Flash Storage Solutions for Embedded Designs
High Reliability Flash SSDs, Cards and Modules for Industrial Applications
Posted by John Kuracek on Tuesday, 27 May 2014
This is a continuation of the discussion of Flash SSD Power Failure Corruption Prevention, Recovery and Test
Flash Controller Basics
To overcome the vulnerability of Flash memory to power glitches, memory system designers have utilized advanced memory management techniques. The most frequently used technique involves usage of Error Correction Code (ECC) to detect the failure and correct the data. The ECC algorithm calculates special code based on the user data and programs this code in the overhead space for each programmed page. When the data is read, the ECC algorithm verifies it against the calculated value. In case of discrepancy, the ECC algorithm can correct the read data (within certain statistical limitation) based on the stored special code. Depending on product specification, Fortasa Memory Systems solutions offer ECC correction capability substantially greater than is recommended by the Flash memory suppliers. This “safety measure” can correct upto 99% of data corruptions in a typical application.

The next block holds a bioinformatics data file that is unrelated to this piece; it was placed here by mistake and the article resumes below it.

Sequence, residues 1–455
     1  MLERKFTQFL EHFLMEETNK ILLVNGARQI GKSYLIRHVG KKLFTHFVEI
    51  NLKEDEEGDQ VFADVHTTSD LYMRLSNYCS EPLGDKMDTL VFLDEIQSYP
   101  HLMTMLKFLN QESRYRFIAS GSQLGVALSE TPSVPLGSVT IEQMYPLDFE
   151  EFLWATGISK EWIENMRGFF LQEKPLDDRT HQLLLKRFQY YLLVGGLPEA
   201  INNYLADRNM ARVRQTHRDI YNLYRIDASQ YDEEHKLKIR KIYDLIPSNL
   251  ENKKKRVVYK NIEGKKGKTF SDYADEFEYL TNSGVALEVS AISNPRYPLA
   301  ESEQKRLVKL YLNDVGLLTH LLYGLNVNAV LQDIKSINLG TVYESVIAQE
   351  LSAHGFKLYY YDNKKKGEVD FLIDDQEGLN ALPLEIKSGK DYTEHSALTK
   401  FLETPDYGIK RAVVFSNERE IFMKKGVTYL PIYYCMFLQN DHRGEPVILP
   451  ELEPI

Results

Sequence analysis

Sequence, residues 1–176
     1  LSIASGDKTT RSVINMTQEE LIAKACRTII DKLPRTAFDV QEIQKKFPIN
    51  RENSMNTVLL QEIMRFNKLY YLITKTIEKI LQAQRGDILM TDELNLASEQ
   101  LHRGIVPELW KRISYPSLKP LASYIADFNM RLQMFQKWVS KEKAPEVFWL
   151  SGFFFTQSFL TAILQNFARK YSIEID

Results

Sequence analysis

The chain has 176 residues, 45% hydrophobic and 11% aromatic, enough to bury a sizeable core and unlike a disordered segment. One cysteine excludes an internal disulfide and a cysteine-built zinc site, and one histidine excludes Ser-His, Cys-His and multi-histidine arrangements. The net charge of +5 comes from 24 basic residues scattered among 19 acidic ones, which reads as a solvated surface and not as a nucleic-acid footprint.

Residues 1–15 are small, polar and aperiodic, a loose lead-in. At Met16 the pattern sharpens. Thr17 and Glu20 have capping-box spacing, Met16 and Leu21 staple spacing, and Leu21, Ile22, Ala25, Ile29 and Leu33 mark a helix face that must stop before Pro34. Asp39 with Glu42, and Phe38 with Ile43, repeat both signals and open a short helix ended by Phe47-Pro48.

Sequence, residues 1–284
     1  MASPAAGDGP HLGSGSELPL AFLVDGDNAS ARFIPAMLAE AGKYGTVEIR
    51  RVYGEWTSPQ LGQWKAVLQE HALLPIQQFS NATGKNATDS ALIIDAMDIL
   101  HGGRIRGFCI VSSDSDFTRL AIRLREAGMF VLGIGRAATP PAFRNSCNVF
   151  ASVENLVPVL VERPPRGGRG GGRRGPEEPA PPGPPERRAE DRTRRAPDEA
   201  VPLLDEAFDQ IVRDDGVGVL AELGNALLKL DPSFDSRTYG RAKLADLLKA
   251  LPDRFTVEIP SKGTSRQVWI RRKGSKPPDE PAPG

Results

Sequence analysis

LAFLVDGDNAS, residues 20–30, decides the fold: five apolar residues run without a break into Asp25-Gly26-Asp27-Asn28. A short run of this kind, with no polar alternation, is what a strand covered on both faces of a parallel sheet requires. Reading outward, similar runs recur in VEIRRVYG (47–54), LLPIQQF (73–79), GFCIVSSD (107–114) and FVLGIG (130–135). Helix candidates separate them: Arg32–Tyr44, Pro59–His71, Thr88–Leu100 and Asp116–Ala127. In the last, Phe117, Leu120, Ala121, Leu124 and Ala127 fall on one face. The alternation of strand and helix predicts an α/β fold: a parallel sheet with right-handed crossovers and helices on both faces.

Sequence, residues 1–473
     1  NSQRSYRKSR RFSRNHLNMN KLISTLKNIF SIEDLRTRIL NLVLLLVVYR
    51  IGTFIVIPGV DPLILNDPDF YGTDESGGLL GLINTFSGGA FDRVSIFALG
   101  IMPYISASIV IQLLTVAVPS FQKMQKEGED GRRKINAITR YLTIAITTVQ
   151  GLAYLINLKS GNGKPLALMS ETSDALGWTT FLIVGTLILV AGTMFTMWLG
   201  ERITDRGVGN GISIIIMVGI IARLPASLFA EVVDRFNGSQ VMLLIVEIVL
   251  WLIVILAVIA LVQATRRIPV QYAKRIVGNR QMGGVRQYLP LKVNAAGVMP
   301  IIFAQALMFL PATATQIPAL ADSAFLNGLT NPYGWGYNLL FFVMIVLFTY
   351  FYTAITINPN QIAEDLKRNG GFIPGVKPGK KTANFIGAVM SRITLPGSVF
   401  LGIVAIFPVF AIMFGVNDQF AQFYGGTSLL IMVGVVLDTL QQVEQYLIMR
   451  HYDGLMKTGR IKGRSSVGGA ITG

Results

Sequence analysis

The single bit errors in a programmed page can occur due to a number of unrelated factors. The most common of which are:
1) Bad Flash Media - After a great number of program erase cycles the Flash memory cells degrades to the point where a programmed level (1 or 0) can't be easily determined by the Flash controller.
2) Read Disturb - Read Disturb phenomenon (more prominently exhibited in the MLC NAND Flash) - is an affect that reading data from one Flash cell has on an adjacent Flash cell. The power applied to read the state of one memory cell actually affects the charge of an adjacent cell to the point to the point where a programmed level (1 or 0) can't be easily determined by the Flash controller.
3) Program Disturb - Program Disturb phenomenon more prominently exhibited in the MLC NAND Flash) - is an affect that programming data from one Flash cell has on an adjacent Flash cell. The power applied to change the state of one memory cell actually affects the charge of an adjacent cell to the point to the point where a programmed level (1 or 0) can't be easily determined by the Flash controller.
While the ECC algorithm is powerful enough to overcome all aforementioned single bit errors, in a small number of cases the number of affected bits within a programed page is so large, that is not able to be corrected by an ECC algorithm. This case is called an uncorrectable read failure and if not considered properly during the electronic system design, can have grave consequences.
Please contact Fortasa for any information about power failure prevention of our Flash storage products.